Anyone who knows me know I’m not the biggest fan of getting off the sofa and actually doing something. In fact tonight, in a bout of forgetfulness and cold and flu symptom induced idiocy, I completely forgot it was aerobics night, until Mum phoned me at 6 o’clock (when the class was due to start) at which point I was sat watching telly with a whole pizza on my plate about to tuck in.
However, and largely because I do regularly eat whole pizzas by myself, I am trying to get into running. Changing my eating habits would be hard – I figured starting an exercise regime would be the lesser of two evils on two counts. One, it would probably be easier than dieting (I really like cake) and two, I thought it would be better for me in the long run.
So, as long time readers will know, I joined a gym, and except when I completely forget to go, I’d been having a reasonable time with it. But our gym is small and stuffy and not terribly motivating, and it costs a lot of money. When my membership comes up for renewal in september I won’t be forking out £300+ quid for another year.
To this end, I am trying to get into running.
Now, perhaps foolishly underestimating our ability, Mum and I signed up to do a 5K Race for Life a few months ago, figuring by the time we got to do it, we would be fit enough. Now, a whole catalogue of things have transpired against us – including my dodgy hip injury and various illnesses, but we also didn’t train as often and as hard as we should have.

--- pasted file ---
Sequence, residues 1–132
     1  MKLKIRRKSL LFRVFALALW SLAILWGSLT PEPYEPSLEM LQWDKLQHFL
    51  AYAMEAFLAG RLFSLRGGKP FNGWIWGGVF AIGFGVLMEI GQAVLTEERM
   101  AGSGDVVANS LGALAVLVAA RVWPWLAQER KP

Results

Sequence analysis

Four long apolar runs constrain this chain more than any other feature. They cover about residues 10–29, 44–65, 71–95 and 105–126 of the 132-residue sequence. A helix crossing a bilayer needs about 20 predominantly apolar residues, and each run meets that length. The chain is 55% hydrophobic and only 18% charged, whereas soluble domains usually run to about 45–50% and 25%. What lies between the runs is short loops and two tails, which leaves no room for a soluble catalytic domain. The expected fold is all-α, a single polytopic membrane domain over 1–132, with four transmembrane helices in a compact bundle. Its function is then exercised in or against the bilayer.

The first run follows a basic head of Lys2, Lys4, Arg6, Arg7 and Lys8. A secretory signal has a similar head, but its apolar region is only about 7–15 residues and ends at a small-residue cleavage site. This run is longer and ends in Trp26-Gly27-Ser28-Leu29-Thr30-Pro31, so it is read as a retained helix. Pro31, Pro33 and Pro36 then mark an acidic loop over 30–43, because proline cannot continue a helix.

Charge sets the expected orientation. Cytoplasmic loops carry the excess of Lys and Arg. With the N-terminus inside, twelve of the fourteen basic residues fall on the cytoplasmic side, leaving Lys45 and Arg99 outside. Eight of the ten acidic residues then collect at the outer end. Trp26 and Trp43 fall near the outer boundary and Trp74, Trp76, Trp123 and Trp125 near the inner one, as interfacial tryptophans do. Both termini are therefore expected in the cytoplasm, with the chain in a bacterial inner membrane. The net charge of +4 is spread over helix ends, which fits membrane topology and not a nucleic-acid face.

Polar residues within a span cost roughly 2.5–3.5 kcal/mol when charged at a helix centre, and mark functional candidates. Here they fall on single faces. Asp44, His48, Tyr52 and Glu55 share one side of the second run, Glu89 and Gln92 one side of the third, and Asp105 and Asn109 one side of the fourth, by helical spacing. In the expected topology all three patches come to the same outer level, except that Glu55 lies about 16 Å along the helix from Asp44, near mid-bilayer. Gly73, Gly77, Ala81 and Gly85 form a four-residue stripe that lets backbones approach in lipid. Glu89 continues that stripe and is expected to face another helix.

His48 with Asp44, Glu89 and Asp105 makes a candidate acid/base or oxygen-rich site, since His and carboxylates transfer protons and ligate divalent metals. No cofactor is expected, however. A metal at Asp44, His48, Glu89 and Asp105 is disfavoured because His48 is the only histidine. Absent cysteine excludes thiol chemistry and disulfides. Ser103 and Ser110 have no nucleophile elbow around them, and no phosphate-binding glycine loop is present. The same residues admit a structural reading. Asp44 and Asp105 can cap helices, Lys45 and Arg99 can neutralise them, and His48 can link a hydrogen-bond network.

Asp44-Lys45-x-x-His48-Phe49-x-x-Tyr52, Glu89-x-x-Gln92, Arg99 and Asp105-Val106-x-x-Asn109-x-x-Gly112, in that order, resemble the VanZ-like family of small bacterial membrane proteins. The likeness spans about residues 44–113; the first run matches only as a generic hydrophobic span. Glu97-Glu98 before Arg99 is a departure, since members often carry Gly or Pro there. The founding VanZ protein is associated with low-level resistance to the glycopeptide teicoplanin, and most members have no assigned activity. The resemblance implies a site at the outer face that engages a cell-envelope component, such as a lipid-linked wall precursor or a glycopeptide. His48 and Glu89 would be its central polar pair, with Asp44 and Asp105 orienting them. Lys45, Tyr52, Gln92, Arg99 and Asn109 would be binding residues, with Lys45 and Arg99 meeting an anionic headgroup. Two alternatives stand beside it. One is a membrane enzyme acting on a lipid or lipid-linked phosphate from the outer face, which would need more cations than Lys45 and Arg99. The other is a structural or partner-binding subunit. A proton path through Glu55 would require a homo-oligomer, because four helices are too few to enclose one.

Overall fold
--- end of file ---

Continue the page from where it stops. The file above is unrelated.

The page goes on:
However, when we came to do the race last sunday, we were both very proud of our achievements.
It was a beautiful day – a little bit too hot for running up a great big hill, for my tastes, but I couldn’t complain about the beauty of the summer sunshine and the location, Weston Park. The sight of 3000+ women dressed in pink was very motivating and despite some trepidation, I was excited to get started.
We ran (very slowly) for a good 1.5K. Which in itself was an achievement, as many of the ‘joggers’ underestimated themselves considerably more than we did, piling to a halt at about 200m. Dodging in and out of the crowd was difficult, and after a while proved impossible as the terrain turned to hill and narrowed considerably. I got cut off from Mum and was unable to catch up with her for the rest of the race, which was a bit of a shame, but as she so succinctly put it: by the halfway mark, we were in no shape to be talking.
It didn’t seem to take very long to get round, and though I walked a fair way, I still had the energy to do a mad burst of proper sprinting running at the end. Mum had already made it to the finish a few minutes before me and cheered me through the finish line.
It was an emotional and inspirational day, and I have surprised myself by wanting to do it again. Which to me suggests that I might actually be getting into this running lark.
To that end, I’m not going to tick off the ‘Run 5K’ on my Day Zero list until I can do a Race for Life and actually run the whole way. We’re going out for a jog this saturday to pick the training regime up properly. This time next year maybe we’ll be thinking about running 10K!
(Picture ruthlessly stolen from QWERTYmum who did a much better write up than me. I blame illness.)